"You done said that before," giggled River. Behind her David grinned.

"Come," said David. The two of them walked down to the gates and into castle, and right into the Great Room where her Uncle sat polishing the furniture.

"Sir," David's voice boomed into darkness.
The man glanced up, startled at the sight of David and the change in his niece. "Oh My!" he stammered. Goldilocks hid a grin behind her hand.

"Sir," David started again, much softer. "It is my understanding that this lass is the child of your brother?"

Uncle Taan nodded.

"She is also the child of my mother's sister. Long we have searched for her. We would like to bring her home with us."

"Oh my," gasped Goldilocks.

Mrs. V:
Goldilocks, having gotten over the embarrassment of confusing Glo with Eunice, was now overcome with a deep sense of gratitude. With her hair now the color of gold, a unicorn to ride, and the promise of a home, it would seem her dreams were coming true.

Uncle Taan chewed the edges of his mustache, considering the two before him. There were glistens of tears in his eyes, for he was truely fond of the child.

"Ay," he sighed at last. "She may choose."

Goldilocks gave her uncle a hug and promised to visit, then ran up to her room to pack the few belongings that she called her own, a second dress, a brush for her hair that belonged to her mother, and a string of beads and pearls that she had gathered through the years as she cleaned the castle. Also, an old worn quilt that she had been wrapped in when she was brought to live here. She hesitated a few seconds, and then took the cloak that the Lord of the castle had given her last year.

She hurried back to the great room, but not fast enough. Cirin and Aunt Ell found her just beyond the doorway. Cirin grabbed the dress and cloak away, laughing, and then as David and her uncle appeared in the doorway, she felt the hair of her head being pulled backwards and with a "snip" it was gone. HER HAIR!!!!

David was angry. "What do you mean, can the lass not leave with her own belongings?"

Aunt Ell's eyes narrowed. "The dress and cloak should rightfully go to my daughter. And I will sell her hair to pay for all the money we have been forced to spend on her." Her hands darted toward the beads and brush, but David intervened, whisking Goldilocks off of her feet and into his arms, and wrapping her into the quilt all at the same time. His glare was enough to silence her from further protest.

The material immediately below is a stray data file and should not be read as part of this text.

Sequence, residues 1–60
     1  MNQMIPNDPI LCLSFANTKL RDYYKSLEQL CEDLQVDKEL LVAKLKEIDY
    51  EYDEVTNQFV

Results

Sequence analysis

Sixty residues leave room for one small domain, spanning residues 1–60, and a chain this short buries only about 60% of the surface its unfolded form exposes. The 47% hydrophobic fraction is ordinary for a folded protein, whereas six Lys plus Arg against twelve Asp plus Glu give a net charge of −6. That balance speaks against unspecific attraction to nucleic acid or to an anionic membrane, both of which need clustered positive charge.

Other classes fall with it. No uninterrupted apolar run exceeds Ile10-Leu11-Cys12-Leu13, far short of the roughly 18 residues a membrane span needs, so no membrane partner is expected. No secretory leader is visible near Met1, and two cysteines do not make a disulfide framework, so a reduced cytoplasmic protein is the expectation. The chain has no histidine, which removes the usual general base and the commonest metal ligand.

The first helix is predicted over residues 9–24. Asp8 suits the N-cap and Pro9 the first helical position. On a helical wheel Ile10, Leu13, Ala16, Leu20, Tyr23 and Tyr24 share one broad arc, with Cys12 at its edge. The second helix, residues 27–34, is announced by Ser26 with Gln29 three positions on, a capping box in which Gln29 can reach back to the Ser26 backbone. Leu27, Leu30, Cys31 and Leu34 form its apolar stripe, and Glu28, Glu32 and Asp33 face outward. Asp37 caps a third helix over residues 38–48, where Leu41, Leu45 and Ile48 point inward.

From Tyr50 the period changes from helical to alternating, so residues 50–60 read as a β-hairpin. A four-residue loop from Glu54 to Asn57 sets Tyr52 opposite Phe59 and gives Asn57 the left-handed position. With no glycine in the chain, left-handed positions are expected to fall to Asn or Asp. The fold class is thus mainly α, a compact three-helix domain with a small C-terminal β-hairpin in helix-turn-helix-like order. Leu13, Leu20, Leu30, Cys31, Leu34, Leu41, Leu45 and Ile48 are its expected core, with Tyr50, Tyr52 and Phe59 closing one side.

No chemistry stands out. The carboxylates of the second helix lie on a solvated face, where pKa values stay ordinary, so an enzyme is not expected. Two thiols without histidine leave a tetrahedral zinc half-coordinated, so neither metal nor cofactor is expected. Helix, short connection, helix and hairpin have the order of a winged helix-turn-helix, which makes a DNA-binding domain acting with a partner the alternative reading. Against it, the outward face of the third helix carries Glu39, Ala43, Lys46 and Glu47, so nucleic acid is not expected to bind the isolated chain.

David turned and walked out of the castle. Goldilocks sobbing. Setting her down finally in the clearing.

River ran over with a cry, "Not your hair! Why did they take your hair?"

David sighed, running his hands through the ragged locks. "Granny will fix it up, but it will take a long time to grow back. Perhaps it is for the best, we have a long journey ahead to overcome the dragons. And I'm sure we can find both dress and cloak to replace the ones they stole."

They remounted, and rode back to the cave, quietly, yet swiftly. When they got there, however, Granny was gone! The table was overturned, and things scattered all over the place.

"The dragons have taken her," David announced.

"Oh no!" exclaimed Goldilocks, "She was so good."

"Our family is too valuable for the dragons to kill," said David, "they have her prisoner somewhere, I'm sure, just as they do her daughters, our mothers."

Mrs. V:
‎"But, David, do not despair, I still have the golden ball! We can remedy this situation with a simple wish," Goldilocks said with excitment. " But, won't work, David! I have received my three wishes. MY hair, though short, chopped, and uneven is a beautiful golden blond. Good old Glo, seems to be my own unicorn,trusting me completely. Then it.....well appears that I was soon to have the family of my dreams. Oh....what to do? What to do, David?"